"The evidence is clear, as is the message: when women do better, economies do better." - Christine Lagarde, International Monetary Fund
Did You Know?
- The average American woman is expected to earn more than the average American male by 2028.
- 51% of U.S. private wealth is controlled by women.
- Women account for over 50% of all stock ownership in the U.S.
- Women control more than 60% of all personal wealth in the U.S.
- There are more than half a million women with personal incomes of $100,000 or more.
- More than 10 million firms in the U.S. are majority or equally owned by women.
- According to the National Association of Women Business Owners and the Small Business Administration, women employ approximately 27 million Americans.
- The number of wealthy women in the U.S. is growing twice as fast as the number of wealthy men.
- Women represent more than 40 percent of all Americans with gross investable assets above $600,000.
- 45 percent of American millionaires are women.
- 48 percent of estates worth more than $5 million are controlled by women, compared with 35 percent controlled by men.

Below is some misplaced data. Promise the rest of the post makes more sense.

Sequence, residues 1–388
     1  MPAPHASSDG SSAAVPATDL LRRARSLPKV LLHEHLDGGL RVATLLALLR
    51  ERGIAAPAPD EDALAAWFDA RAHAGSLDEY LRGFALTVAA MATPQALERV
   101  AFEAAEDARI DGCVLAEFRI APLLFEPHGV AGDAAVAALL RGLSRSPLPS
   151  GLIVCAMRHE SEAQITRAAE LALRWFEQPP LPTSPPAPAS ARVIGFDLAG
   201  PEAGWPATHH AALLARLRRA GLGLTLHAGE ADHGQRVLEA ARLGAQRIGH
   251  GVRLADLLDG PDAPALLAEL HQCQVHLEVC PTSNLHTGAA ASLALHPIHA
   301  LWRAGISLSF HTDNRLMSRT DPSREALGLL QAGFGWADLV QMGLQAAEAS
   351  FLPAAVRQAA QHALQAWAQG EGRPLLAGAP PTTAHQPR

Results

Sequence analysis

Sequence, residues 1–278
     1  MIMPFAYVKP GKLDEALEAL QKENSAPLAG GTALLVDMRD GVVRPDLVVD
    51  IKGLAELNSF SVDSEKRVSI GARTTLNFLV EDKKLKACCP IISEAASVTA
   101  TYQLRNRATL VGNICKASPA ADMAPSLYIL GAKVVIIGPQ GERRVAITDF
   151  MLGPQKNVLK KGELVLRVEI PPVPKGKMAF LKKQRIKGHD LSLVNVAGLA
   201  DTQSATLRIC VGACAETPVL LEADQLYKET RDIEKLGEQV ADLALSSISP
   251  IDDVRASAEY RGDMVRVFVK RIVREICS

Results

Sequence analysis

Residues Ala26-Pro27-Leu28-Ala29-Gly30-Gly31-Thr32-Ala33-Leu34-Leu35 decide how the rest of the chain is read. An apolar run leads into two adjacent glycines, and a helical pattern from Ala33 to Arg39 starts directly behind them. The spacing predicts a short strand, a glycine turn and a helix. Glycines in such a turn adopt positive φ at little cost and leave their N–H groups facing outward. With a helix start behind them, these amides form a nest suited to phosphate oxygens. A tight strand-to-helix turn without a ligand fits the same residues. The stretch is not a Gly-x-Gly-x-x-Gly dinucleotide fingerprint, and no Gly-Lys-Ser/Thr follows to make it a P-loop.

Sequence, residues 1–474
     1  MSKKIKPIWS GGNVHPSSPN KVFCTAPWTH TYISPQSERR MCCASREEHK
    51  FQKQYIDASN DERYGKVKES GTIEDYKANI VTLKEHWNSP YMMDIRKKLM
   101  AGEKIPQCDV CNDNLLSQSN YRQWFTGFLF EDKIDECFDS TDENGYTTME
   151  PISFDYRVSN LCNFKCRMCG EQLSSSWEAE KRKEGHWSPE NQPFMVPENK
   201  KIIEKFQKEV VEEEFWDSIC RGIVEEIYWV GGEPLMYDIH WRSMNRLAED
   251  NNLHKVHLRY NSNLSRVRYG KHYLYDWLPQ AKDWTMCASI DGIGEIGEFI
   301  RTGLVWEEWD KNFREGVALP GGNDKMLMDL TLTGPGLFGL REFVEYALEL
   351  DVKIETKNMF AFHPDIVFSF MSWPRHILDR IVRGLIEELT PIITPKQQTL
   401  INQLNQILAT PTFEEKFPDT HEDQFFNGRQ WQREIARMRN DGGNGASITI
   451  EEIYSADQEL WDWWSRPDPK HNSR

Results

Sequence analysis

- 60 percent of high net worth women have earned their own fortunes.
- Some estimate that by 2030, women will control as much as two-thirds of the nation’s wealth.
- Women earned 56.7% of all bachelor's degrees
- Women earned 59.9% of all master's degrees
- Women earned 51.6% of all doctorate degrees
Women, Especially, Are Failing Financial Literacy
Wall Street Journal - June 14, 2015
"But here’s the good news, at least for the women: When asked how confident they were in their knowledge, the American women assigned themselves lower scores than American men. Or put another way, they are more aware than the men that they don’t know much about finance. This self-awareness means that women may be more open to being educated in finance, she says."
Women and Financial Security
GoGirlFinance - April 6, 2016
"Studies show that barely 33 percent of all women surveyed feel they are on track or ahead of schedule in planning or saving for retirement, down from 46 percent in 2008. Even more shocking, affluent women (those making north of $200,000 in household income) are worried about becoming the proverbial “bag lady” in retirement. So why are women earning and controlling more, yet feeling less secure and confident?"